GENERATING AND TESTING HYPOTHESES
|IDENTIFYING SIMILARITIES AND DIFFERENCES|
|SUMMARIZING AND NOTE TAKING|
|REINFORCING EFFORT AND PROVIDING RECOGNITION|
|HOMEWORK AND PRACTICE|
|SETTING OBJECTIVES AND PROVIDING FEEDBACK|
|GENERATING AND TESTING HYPOTHESES|
|CUES, QUESTIONS, AND ADVANCE ORGANIZERS|
Tisha, a 2nd grader, stared up at the sky for a long time and then announced,
[I think we are going to have a bad storm. It was hot, but now feel how cold
it is and look at those cumulus clouds.] Her grandma stared in amazement.
[Aren't you the weather girl today! Where did you learn all that?] Tisha ex-
plained that her teacher had been discussing weather with them all year.
[Our teacher said that weather was there for us to study all year, so why
study it all at once and then probably forget it? She said we weren't just
going to learn it, we were going to use what we learned. Besides, it means
we get to go outside to learn.]
Tisha's teacher periodically taught her students about specific weather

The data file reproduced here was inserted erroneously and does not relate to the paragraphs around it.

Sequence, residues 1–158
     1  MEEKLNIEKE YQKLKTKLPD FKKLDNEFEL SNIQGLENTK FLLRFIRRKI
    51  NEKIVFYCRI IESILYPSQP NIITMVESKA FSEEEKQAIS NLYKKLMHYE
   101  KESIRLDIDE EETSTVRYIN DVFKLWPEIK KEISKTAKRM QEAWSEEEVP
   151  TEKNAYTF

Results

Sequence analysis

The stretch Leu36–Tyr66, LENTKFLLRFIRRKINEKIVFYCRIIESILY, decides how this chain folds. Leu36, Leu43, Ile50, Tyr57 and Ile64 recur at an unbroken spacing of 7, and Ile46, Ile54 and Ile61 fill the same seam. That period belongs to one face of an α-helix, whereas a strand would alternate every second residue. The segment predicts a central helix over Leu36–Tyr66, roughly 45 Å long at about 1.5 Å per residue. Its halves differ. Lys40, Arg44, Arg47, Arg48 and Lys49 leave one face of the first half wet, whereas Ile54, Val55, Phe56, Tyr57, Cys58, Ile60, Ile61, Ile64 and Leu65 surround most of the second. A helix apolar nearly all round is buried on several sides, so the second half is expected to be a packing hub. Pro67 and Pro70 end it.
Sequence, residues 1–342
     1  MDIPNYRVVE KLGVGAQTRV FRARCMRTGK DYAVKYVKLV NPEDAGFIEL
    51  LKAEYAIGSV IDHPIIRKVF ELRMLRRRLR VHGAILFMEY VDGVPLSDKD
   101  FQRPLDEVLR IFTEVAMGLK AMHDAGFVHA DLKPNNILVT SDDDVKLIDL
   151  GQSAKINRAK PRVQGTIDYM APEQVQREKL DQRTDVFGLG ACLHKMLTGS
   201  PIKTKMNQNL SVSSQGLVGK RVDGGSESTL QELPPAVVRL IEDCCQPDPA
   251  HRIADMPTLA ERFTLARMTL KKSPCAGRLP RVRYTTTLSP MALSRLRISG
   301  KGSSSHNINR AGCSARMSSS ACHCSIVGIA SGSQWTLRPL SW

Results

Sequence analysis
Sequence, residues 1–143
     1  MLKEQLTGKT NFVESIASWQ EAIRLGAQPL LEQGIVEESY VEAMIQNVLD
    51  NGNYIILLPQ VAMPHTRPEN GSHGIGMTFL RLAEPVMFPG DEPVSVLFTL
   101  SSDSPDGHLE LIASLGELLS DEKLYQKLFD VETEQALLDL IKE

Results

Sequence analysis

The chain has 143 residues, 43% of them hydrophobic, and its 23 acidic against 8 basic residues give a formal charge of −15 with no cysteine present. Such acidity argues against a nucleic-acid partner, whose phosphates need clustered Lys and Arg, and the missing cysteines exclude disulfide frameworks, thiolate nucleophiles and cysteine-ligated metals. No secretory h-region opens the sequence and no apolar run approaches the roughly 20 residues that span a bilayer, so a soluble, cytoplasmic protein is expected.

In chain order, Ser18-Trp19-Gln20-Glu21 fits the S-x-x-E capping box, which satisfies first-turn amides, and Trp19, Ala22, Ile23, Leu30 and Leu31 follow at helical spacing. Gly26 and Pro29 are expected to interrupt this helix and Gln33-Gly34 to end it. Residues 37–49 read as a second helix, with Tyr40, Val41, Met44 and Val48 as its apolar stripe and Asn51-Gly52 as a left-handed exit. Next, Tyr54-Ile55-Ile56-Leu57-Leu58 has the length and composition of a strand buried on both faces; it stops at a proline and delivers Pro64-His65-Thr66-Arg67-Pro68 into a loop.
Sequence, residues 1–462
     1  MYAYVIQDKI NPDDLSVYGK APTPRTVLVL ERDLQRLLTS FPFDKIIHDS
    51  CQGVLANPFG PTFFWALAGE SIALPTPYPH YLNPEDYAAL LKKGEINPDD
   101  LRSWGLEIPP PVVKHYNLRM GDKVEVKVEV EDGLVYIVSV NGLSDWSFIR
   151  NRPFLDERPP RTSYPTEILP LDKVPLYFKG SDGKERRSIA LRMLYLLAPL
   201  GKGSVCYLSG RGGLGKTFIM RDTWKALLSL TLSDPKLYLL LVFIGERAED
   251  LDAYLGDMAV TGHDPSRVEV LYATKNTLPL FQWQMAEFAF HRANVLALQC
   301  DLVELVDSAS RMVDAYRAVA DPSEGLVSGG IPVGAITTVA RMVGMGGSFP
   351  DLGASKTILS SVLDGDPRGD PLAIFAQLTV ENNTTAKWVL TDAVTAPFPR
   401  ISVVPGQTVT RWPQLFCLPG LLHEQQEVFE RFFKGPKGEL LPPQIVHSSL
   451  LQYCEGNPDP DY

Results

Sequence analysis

patterns. Approximately once every two weeks, the class would look at a
weather map on the Internet, discuss what had been happening during the
last 24 hours, then go outside and observe the sky, once in the morning and
once in the afternoon. The students would then predict what they thought
would happen between the end of the school day and the next morning.
They would also explain the reasoning behind their predictions.
During the first few minutes of the following morning, students discussed
their hypotheses and the extent to which they were correct. If their pre-
dictions were accurate, they identified the observations that helped them
the most. If their predictions were inaccurate, students tried to figure out
what they missed or misunderstood.
Tisha's teacher has used the topic of weather to engage students in one of the most powerful and analytic of cognitive operations— generating and testing hypotheses.